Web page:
The Reality of a Summer Life-guarding Job

  • by: Aidan Huckestein

Wall with a hanging life preserver at a life-guarding stationOnce school is out, most teenagers decide it’s time to get a summer job. Like every other bored, broke teenager, I was ready to indulge in bathing suits and tan lines with the perfect summer job― lifeguarding. We’ve all seen the movies and tv shows where the tanned lifeguards are spending hours laughing and talking with their friends by the pool before taking a break to play beach volleyball. I wasn’t expecting quite as much of a picture perfect experience, but I was ready for that perfect tan line. I was already certified in CPR, AED, and first aid, so I figured it shouldn’t be too hard. $220 later and I’m at the pool to get certified. I don’t think it quite registered until then that in order to be a lifeguard you have to safely get the person out of the pool before doing anything else. I can swim just fine. I will say, however, that I am not in any way, shape, or form an athletic person. This class was a bit more difficult than expected. I am a hardworker and was able to complete the tasks without letting anyone else know I was probably going to be sore for a few days.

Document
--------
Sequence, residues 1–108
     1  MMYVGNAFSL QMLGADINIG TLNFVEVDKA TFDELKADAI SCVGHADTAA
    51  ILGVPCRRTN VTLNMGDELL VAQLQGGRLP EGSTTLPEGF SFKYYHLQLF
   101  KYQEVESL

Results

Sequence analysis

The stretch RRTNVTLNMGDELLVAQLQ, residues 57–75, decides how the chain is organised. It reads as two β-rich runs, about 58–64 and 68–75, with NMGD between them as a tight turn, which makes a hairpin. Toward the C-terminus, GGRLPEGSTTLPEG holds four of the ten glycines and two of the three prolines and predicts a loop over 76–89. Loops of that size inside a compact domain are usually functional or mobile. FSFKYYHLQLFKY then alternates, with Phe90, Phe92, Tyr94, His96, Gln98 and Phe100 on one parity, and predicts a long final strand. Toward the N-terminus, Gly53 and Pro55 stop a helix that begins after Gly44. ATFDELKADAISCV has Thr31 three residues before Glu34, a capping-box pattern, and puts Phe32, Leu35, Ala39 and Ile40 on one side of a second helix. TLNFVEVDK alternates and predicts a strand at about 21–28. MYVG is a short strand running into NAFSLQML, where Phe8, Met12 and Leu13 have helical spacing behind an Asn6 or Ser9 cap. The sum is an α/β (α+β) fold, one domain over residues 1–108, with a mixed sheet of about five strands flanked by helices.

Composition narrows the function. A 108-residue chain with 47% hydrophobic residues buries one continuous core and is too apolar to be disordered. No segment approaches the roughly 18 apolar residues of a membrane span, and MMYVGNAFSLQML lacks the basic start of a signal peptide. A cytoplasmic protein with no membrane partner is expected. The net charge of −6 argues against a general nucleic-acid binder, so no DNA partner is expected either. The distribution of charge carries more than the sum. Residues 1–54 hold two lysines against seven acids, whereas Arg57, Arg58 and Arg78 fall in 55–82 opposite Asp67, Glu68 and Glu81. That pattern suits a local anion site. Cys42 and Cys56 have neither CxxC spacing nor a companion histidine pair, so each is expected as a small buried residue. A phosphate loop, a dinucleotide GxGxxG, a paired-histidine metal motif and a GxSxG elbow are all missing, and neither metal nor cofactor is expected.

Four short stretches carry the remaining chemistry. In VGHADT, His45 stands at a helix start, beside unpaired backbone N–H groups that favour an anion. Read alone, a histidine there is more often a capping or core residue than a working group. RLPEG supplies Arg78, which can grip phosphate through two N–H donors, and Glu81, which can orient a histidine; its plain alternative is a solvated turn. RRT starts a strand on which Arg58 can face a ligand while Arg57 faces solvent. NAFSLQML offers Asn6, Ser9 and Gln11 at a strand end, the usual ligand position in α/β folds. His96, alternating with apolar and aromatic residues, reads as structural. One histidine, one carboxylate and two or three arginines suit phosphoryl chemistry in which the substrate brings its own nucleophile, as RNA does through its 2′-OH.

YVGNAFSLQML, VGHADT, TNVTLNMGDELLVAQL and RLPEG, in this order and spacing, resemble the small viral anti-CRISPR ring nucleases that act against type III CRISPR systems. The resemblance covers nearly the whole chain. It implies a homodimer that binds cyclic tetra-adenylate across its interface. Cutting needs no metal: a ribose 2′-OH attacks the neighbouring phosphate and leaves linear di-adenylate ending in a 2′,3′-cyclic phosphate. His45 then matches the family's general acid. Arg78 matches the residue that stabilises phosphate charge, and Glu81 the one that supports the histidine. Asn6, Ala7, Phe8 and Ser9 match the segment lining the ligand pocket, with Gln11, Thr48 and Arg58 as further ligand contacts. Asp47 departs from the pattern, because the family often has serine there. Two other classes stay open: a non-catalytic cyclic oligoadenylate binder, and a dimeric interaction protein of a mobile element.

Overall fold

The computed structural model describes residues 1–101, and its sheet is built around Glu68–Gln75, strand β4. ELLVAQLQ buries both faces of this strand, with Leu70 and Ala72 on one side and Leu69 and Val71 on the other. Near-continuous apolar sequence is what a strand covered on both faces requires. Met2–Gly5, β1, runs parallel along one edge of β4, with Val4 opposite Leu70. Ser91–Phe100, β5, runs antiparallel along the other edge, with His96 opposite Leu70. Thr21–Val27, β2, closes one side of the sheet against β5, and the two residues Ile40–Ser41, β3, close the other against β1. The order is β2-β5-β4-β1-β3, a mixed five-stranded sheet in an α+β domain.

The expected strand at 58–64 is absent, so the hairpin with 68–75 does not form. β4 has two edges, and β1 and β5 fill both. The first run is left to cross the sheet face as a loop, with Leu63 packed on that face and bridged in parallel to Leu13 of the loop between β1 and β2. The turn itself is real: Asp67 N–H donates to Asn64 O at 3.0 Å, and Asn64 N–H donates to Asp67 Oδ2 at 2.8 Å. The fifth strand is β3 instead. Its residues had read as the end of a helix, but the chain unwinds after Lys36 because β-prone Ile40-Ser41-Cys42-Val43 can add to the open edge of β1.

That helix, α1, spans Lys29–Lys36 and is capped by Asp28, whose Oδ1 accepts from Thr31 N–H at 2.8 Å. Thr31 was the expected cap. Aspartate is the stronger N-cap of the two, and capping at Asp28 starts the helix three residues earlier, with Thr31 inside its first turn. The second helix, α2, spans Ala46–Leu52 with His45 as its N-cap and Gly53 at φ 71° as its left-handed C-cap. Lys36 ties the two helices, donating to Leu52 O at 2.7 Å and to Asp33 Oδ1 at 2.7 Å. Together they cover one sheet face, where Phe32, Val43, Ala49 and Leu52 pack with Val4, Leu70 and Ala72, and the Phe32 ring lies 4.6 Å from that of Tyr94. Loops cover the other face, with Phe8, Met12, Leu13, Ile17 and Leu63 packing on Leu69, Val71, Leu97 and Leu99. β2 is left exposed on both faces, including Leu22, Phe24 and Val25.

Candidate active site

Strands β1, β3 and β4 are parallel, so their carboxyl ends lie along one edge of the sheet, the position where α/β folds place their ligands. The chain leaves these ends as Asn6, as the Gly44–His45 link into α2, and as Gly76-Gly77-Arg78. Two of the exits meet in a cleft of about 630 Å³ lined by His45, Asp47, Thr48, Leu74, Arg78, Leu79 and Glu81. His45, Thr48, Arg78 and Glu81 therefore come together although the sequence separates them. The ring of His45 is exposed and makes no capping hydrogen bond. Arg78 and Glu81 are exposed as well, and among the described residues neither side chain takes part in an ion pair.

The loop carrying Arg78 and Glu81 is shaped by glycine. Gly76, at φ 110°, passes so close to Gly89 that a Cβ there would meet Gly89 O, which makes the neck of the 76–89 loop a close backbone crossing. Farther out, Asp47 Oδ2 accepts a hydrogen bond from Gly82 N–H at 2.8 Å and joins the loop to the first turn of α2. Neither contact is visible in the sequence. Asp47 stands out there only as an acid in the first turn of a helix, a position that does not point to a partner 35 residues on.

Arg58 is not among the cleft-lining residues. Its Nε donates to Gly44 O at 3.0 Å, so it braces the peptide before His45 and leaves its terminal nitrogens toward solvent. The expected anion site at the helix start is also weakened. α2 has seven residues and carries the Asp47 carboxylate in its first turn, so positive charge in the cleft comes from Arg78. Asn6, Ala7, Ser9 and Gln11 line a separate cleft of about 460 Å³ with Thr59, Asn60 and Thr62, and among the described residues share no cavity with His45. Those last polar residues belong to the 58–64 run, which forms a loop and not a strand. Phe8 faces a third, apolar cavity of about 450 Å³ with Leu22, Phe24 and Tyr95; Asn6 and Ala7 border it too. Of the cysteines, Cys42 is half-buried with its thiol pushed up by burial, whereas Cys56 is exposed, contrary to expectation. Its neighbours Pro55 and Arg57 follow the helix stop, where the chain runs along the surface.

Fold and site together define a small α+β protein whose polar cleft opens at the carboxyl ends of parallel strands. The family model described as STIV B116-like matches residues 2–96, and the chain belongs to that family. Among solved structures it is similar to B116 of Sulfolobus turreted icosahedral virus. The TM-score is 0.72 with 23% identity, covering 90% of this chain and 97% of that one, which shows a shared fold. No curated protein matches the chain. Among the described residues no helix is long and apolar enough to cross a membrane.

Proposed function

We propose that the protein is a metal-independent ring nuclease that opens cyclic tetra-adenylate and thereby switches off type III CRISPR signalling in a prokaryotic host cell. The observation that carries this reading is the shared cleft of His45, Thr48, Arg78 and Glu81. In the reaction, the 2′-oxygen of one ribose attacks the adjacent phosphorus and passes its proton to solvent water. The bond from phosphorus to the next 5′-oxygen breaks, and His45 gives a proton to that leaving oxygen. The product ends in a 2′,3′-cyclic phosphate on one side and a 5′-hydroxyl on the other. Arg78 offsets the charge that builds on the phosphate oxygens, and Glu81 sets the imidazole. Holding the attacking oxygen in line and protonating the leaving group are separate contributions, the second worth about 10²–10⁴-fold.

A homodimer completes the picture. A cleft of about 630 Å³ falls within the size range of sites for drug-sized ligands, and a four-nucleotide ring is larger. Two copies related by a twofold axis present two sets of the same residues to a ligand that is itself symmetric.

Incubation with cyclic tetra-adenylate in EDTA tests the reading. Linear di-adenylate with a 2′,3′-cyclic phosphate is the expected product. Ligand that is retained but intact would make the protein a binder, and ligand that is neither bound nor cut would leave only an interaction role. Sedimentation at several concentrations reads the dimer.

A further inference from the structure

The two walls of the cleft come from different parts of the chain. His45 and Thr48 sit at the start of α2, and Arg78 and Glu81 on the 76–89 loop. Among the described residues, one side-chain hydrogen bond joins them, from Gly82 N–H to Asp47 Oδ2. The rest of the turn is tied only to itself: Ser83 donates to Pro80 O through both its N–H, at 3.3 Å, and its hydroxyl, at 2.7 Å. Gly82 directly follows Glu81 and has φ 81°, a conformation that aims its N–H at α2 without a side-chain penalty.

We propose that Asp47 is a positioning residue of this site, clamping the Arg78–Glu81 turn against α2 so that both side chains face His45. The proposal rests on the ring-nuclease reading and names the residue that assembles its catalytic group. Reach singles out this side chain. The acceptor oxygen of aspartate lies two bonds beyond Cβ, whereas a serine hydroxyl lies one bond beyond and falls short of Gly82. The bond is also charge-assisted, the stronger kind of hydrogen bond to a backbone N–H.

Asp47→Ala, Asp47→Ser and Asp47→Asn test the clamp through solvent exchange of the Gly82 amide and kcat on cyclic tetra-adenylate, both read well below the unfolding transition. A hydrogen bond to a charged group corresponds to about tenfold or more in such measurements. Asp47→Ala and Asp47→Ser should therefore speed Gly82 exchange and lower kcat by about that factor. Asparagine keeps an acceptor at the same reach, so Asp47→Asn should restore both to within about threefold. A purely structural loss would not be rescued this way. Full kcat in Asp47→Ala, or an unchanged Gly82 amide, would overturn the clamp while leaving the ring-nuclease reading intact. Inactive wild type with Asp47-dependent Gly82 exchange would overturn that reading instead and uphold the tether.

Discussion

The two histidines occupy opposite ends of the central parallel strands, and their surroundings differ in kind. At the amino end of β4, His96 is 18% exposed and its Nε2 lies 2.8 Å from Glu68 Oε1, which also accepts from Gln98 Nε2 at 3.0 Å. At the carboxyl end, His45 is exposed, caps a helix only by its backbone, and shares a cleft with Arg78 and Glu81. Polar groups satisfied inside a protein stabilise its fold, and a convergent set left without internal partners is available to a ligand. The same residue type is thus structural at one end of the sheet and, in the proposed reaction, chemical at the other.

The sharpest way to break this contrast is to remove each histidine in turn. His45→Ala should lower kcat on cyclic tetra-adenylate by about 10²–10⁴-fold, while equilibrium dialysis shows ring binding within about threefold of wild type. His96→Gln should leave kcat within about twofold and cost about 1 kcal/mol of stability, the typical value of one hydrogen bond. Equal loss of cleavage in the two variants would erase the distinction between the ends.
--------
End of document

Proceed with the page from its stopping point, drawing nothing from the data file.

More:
It also didn’t seem to register that I am not invincible.

Eight hours in the sun without sunscreen will in fact give you a sunburn. I then had to come back to the pool for another two days of training with that sunburn.

After the peeling and avoiding tight clothing, I did get that summer tan I wanted. I also realized that there is a reason people tan in different swimsuits than they swim laps in. I have had the same awkward one-piece tan for too long. After I am certified, I’m ready to become one with sunscreen and awkward tan lines. Although the idea of sitting in the hot sun and watching a bunch of people splash around for hours seems like a hoot, it is not the reason I’m spending time writing up a resume and filling out applications at country clubs and the local YMCA. Originally, I was ready to sit around tanning by the pool and have something to put on my resume.

After the training, the idea that someone could actually drown became very real to me.

I have seen many people struggle a bit while swimming, but I have never seen someone drown. That wasn’t something very real to me. One of the most important things I learned was how to prevent people from drowning. It is important to notice that someone isn’t the best swimmer or that they are playing in a dangerous way. All jokes about buckets of sunscreen and hours without a phone aside, I want to be a lifeguard to prevent accidents from happening and to help when they do.

About the Author:

Aidan is a 16 year old Torch & Laurel Scholar, from Alabama where she is homeschooled. She prefers to learn about what she loves by doing and reading, rather than watching. She’d love to one day travel the world and help people.

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